Covid19 and Moral Revolutions – Part 1

Saturday May 2nd I was on a panel with John DanaherAnders Sandberg, and David Wood on whether Covid19 will cause any enduring changes to morality. John Danaher has been doing some great blogging and podcasting at the intersection of Covid19 and philosophy for the last couple of months, for example on the ethics of healthcare prioritization and how Covid19 might justify ongoing surveillance measures.

panel
Panel on Covid 19 and Moral revolutions with me, John Danaher, David Wood and Anders Sandberg

In John’s April 21st blog he talks about 8 possible moral revolutions that could come out of this pandemic: hyperutilitarianism, the end of work, a renegotiated social contract, the new death of privacy, the uncertain fate of universalism and cosmopolitanism, a return of disgust based morality, an increase in concern about animal ethics and an increased concern with existential risk. In our conversation, John specified that moral revolutions don’t necessarily mean societies are becoming more progressive, moral or civilized; Moral revolutions can cut both ways. 

Sudden progressive changes in moral ideals are pretty rare. When they do happen it’s because the change in morality conferred some status, reputational or economic benefit, or at least prevented punishment from a high status moral minority. Civil rights for Black people in America was a moral revolution and the acceptance of gay marriage, gay relationships and trans identity was a much faster American moral revolution. But, in part because meat eating is so normal and animals (especially farm animals hidden from view) are not generally capable of conferring  a moral revolution for animals has really never taken off, as I describe in a forthcoming chapter (and I’ll be writing a few blogs on this chapter). 

So, is Covid19 going to have an effect on morality? Here are my thoughts about the intersection of Covid19 and a popular idea in evolutionary psychology, the parasite stress theory. I conclude by discussing the possibility that Covid19 will change our susceptibility to existential risk. There are two follow up blogs, one on how Covid19 might change attitudes towards animals and another on how Covid19 might change our attitudes to government and work.

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Integrating Evolutionary Psychology and Behaviorism

At the moment I’m writing a book on the integration of evolutionary psychology and behaviorism in personal relationships that is tenatively called “How to Train Your Boyfriend”. Just today a video came out where I discuss my thoughts on the intersection of behaviorism and evolutionary psychology for the comedy podcast, TRIGGERnometry. But, I’ve been thinking about how we’re intutive beahaviorists for a long time.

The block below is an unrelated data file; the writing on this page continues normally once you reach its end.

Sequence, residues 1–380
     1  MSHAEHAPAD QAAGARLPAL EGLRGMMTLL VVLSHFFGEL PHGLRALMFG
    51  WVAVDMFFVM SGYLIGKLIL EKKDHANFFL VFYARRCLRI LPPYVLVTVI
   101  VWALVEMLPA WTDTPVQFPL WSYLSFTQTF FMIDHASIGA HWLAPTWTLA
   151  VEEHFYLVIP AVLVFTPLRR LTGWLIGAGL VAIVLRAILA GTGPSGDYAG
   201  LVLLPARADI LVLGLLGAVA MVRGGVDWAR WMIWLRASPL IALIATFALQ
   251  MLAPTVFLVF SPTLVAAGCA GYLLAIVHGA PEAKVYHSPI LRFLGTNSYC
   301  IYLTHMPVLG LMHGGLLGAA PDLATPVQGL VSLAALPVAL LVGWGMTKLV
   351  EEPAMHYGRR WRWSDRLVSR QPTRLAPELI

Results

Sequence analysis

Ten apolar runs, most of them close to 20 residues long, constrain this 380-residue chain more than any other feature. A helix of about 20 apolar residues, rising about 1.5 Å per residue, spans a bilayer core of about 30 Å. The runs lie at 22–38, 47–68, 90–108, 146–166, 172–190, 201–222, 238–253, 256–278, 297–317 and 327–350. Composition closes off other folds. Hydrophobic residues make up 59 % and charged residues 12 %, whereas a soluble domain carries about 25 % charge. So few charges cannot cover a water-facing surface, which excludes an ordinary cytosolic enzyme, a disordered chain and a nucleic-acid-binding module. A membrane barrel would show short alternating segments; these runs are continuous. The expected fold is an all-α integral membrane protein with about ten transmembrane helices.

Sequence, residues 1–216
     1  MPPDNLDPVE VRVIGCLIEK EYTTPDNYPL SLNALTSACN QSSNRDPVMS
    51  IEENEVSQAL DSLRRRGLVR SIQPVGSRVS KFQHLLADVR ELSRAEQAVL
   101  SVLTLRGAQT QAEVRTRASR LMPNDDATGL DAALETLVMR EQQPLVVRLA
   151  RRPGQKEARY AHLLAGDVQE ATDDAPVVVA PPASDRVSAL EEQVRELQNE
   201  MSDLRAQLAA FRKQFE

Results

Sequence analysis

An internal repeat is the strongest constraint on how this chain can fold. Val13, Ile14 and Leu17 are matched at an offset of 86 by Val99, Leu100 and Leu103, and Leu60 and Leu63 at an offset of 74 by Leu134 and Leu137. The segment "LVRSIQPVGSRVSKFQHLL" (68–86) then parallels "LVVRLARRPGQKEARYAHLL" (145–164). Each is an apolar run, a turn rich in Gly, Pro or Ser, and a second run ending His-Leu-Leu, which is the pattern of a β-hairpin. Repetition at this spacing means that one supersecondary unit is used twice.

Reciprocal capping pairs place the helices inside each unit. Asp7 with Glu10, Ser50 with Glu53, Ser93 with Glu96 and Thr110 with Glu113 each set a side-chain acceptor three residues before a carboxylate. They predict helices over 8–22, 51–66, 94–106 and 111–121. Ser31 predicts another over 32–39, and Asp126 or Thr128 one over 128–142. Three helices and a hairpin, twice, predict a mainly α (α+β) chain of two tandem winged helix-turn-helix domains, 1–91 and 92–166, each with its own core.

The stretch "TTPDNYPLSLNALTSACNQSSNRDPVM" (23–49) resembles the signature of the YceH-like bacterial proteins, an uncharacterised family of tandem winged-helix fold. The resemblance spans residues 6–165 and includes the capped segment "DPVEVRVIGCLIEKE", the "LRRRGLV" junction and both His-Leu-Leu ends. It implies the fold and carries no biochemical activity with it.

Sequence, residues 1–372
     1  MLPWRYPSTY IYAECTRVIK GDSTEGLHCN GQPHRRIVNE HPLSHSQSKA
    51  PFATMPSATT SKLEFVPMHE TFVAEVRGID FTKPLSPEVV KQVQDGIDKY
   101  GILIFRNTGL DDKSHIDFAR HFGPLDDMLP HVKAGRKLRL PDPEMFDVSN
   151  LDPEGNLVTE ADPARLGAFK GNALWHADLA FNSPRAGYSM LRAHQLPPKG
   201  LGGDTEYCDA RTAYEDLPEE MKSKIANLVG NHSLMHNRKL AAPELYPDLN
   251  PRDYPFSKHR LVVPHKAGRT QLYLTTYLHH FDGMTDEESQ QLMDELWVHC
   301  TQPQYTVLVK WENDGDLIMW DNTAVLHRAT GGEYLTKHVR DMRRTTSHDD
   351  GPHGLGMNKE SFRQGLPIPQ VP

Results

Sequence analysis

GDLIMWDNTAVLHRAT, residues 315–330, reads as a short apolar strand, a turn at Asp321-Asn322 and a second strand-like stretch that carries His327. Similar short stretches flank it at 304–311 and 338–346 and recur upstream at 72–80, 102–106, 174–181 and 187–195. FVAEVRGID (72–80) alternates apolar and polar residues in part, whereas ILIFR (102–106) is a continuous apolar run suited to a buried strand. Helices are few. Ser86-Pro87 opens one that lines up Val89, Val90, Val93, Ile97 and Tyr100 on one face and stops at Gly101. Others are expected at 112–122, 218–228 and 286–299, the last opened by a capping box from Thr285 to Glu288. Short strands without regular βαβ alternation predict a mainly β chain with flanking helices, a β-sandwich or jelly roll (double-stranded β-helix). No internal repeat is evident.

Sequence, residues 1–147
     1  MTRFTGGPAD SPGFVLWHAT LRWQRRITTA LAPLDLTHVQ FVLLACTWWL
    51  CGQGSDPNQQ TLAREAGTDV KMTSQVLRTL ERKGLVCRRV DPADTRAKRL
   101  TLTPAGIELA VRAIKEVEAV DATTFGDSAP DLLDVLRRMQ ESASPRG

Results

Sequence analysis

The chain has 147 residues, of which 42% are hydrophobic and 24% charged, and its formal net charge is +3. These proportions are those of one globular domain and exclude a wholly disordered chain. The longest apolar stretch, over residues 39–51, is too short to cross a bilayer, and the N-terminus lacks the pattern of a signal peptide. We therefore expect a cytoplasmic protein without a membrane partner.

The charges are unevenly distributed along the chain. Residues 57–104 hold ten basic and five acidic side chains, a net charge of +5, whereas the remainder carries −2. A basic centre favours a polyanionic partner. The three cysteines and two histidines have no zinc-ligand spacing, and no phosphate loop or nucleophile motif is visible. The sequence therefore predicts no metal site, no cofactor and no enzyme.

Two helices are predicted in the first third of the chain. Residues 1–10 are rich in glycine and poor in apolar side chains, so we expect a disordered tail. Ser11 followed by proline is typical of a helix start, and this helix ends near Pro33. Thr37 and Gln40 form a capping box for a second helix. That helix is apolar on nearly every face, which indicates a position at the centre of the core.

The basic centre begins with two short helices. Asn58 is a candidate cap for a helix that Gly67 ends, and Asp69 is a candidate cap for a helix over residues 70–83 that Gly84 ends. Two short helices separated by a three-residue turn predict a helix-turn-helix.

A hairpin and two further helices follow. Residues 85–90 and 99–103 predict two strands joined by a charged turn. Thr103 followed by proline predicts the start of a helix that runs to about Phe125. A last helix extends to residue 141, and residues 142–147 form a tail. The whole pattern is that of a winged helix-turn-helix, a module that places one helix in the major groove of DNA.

I wrote this paper for an evolutionary psychology seminar run by David Buss back in 2007 when I was working towards my PhD.  Around that time David had published many papers and The Murderer Next Door, a book that outlined his thesis that murder is an adaptation. This was contrary to Martin Daly and Margot Wilson’s thesis that murder is a byproduct as outlined in their masterful book, Homicide. David’s papers both on homicide and on conflict between the sexes had a big influence on my thinking here.

A couple of months before I wrote this paper I had only ever heard Skinner strongly criticized by evolutionary psychologists and social psychologists, who made up much of the department at UT Austin. When I picked up Skinner’s Beyond Freedom and Dignity, I expected that I’d write a strong critique. It ended up being one of my favorite books. Reading it was so rewarding that it’s probably caused me to read more stuff I thought I would disagree with over the years. Meta. I assigned the first chapter, A Technology of Behavior (you can read it here), to over a thousand undergraduates in the UK over the years, with pretty polarized responses.

I don’t agree with everything in this essay anymore, of course I hardly knew anything about behaviorism at that time and had only read Skinner on behaviorism. By 2007 behaviorism had dealt with many of the critiques I lay out here, for example, equipotentiality. But this is a good insight into the origins of the book and other projects I’m working on now. I’ve edited it a bit and added commas, which I’m terrible at using now, and was even worse about using then. I’ve added a few links to clarify some concepts and save the reader a google.

Content warning: Child abuse, Jealousy, Domestic Abuse, Murder

Continue reading “Integrating Evolutionary Psychology and Behaviorism”